Science & Technology

Researchers identify protein's function to help treat inflammatory diseases

Researchers identified immune-modulatory function of a protein that could potentially help in treating sepsis and other inflammatory diseases

 
By Jyoti Singh
Last Updated: Wednesday 18 July 2018 | 12:09:24 PM

Inflammation is a vital part of the body's immune response. It is the body's attempt to heal itself after an injury; defend itself against foreign invaders, such as viruses and bacteria; and repair damaged tissue. Credit: Pxhere

A team of Indian and American researchers has identified immune-modulatory function of a protein that could potentially help in treating sepsis and other inflammatory diseases caused due to abnormal functioning of immune cells.

The protein, Fibulin 7or Fbln7, is part of a group of glycoproteins often associated with elastic fibers and basement membranes which line tissues, blood vessels and other matrices. It is found in developing tooth, functioning as a cell adhesion molecule. It has ability to interact with other matrix proteins, receptors, and growth factors. It is also expressed in eye tissues and placenta. However, its functional significance was not known so far.

“We have shown that this protein and its C-terminal fragment could inhibit adhesion, migration and production of inflammatory molecules from monocytes and macrophages, in experiments done with monocytes from human peripheral blood and mouse induced with inflammation,” Pranita P Sarangi, lead researcher and Assistant Professor at Indian Institute of Technology, Roorkee, explained while speaking to India Science Wire.

A dysfunctional immune response leads to deposition of immune cells in visceral organs such as lung, kidney and liver causing multi-organ failure and death. In some cases, antibiotics used to fight infections can aggravate the situation by releasing broken components of bacteria into blood, which further activates the immune cells.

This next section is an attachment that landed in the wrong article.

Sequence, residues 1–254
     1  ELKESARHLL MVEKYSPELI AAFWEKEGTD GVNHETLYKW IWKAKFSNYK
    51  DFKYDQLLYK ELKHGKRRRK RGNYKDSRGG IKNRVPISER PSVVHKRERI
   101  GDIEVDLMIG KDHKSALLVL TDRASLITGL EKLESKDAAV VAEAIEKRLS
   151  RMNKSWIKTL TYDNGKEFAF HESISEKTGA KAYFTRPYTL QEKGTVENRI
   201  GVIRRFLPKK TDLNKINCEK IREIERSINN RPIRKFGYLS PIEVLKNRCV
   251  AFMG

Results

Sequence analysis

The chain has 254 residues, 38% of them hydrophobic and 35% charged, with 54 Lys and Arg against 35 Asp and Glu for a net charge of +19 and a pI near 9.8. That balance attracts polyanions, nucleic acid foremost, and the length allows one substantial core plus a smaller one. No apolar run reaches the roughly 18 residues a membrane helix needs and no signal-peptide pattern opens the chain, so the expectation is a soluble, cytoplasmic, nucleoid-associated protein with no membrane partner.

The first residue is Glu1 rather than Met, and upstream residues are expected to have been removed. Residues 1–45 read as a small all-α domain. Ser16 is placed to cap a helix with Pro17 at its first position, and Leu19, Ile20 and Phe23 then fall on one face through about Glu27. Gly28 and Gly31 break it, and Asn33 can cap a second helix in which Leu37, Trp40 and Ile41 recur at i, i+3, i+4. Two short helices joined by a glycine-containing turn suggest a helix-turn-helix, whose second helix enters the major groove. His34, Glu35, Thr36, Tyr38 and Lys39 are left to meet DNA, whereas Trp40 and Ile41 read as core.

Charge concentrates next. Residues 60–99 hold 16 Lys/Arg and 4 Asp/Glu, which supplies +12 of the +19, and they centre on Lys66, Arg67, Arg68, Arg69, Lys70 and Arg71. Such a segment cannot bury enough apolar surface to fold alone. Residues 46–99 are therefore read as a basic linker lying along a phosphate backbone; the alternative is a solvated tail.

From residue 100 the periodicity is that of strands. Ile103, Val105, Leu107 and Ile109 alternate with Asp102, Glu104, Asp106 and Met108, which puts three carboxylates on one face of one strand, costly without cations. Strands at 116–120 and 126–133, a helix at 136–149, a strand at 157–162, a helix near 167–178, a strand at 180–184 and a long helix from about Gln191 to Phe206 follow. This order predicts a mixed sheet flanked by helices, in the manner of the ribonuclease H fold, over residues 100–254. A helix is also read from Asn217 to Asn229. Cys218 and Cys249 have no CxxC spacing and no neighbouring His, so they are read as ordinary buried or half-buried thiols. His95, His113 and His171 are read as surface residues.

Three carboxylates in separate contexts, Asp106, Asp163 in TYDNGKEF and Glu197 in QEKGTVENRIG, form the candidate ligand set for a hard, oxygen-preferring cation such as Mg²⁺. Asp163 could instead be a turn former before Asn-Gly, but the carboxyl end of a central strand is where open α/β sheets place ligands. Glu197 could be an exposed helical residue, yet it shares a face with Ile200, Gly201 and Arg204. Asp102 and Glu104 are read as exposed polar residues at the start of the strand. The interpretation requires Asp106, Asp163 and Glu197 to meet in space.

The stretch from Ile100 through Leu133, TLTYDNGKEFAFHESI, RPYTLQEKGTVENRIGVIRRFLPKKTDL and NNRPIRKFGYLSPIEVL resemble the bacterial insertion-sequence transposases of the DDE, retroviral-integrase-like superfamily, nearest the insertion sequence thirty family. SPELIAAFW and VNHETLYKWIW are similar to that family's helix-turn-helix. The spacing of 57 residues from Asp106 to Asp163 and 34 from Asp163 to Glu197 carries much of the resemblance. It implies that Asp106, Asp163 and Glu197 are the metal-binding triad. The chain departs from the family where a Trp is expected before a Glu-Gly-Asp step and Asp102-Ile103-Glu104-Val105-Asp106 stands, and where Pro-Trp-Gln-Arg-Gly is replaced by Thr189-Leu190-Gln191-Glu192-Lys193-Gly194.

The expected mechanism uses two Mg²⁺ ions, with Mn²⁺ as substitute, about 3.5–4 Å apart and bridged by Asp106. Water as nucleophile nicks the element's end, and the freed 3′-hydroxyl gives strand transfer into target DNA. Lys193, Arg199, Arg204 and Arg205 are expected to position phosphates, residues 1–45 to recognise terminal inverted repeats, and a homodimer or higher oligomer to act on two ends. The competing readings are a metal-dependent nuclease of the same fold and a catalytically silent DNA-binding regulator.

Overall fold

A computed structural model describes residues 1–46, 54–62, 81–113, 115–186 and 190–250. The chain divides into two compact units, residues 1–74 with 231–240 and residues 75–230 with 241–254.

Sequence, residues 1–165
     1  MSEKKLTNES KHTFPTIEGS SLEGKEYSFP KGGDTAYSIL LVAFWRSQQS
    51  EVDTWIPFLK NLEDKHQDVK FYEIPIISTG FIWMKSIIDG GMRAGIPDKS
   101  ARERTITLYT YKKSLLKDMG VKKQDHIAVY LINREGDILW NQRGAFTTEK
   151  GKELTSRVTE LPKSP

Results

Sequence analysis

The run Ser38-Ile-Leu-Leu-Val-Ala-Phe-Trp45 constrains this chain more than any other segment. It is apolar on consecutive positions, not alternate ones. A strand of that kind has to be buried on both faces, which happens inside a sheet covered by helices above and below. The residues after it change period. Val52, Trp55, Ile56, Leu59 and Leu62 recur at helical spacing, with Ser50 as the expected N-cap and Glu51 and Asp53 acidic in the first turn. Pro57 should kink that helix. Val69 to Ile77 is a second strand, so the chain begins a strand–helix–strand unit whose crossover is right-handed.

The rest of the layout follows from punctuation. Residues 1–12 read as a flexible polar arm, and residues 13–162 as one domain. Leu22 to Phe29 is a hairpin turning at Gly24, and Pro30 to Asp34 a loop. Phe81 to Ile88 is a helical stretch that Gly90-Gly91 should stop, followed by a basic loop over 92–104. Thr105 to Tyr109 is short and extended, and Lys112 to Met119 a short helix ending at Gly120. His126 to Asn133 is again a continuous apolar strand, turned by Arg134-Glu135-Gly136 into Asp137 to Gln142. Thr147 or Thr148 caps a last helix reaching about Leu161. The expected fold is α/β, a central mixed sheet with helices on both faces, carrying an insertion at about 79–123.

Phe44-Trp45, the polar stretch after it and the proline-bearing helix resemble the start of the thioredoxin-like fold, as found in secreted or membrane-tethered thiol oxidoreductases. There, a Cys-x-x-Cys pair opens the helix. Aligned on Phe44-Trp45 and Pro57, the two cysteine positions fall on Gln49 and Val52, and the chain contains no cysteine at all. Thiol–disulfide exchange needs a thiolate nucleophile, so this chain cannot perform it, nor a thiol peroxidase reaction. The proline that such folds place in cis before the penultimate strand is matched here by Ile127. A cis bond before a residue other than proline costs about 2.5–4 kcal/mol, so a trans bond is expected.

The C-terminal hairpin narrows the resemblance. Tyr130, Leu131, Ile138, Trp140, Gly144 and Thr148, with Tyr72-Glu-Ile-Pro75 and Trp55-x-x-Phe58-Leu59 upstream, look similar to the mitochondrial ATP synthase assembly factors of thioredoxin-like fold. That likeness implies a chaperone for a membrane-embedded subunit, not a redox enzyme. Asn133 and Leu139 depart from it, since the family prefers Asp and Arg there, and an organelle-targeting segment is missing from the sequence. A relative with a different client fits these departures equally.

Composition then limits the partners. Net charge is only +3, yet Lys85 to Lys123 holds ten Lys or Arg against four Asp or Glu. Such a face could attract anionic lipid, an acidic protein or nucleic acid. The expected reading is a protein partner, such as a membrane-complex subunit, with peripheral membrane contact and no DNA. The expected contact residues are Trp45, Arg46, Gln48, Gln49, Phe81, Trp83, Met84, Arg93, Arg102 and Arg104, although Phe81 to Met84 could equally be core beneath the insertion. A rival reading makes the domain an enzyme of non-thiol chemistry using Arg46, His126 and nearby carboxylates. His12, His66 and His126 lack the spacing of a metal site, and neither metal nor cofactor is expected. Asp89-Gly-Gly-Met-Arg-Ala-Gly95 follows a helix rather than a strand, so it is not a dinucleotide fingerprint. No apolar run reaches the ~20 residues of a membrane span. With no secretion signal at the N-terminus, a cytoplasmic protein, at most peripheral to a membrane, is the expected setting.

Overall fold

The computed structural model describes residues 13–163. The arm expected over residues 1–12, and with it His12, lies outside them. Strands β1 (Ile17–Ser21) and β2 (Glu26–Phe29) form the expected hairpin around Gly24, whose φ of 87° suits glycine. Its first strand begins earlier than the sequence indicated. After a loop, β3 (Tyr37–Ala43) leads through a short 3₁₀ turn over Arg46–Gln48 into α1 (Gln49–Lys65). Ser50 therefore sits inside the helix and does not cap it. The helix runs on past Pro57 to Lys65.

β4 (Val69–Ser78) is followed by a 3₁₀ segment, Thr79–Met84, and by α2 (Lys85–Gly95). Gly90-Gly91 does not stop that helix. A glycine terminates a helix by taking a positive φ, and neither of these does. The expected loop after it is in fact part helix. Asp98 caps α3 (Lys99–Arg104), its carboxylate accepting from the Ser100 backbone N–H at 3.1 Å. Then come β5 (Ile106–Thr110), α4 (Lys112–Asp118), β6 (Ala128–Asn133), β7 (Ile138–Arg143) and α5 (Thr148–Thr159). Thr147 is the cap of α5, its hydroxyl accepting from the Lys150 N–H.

During the study, researchers found that both the full length Fbln7 protein and its C-terminal fragment inhibited the infiltration of macrophage and neutrophil into inflamed tissues and organs such as peritoneal cavity and lungs.

“Our data demonstrates that Fbln7 and its bioactive fragments or shorter peptides may have therapeutic potential for treating immuno-pathological conditions, which require negative regulation of immune cell functions. Currently, further research is going on this aspect in our laboratory,” said Sarangi.

Human immune system consists of a variety of white blood cells (WBCs) or leukocytes. In response to any inflammatory and infectious stimulus, leukocytes travelling in blood vessels immediately migrate to the affected site. While exiting the blood vessel and further travelling through tissue spaces, activated white blood cells interact with extracellular matrix proteins such as collagen and fibronectin. The immune cells bind to such proteins via their surface receptor molecules called integrins. These cell matrix communicate through integrin receptors and not only provide support for migration but also modulate various functions of the immune cells. Clinical trials are currently underway for treating diseases such as cancer using therapeutics that target integrins and associated molecules.

Amit Sengupta, a public health expert, while commenting on the study said, “The use of immune-modulators in sepsis is currently an area of interest and there is evidence that supports the use of immune-modulators in treatment of sepsis. Fbln7C exhibits such properties and could be a candidate for inclusion in treatment of sepsis. However, there isstill long way to go before its therapeutic relevance in treatment of sepsis can be shown.”

The study team included Sarangi,  Kiran Ambatipudi, Papiya Chakraborty, Shiba Prasad Dash (IIT Roorkee); Yoshihiko Yamada (National Institutes of Health, USA). The research was funded by Faculty Initiation Grant from IIT Roorkee and Young Scientist Research Grant from the Department of Science and Technology. The results have been published in Federation of American Societies for Experimental Biology journal. (India Science Wire)

 

 

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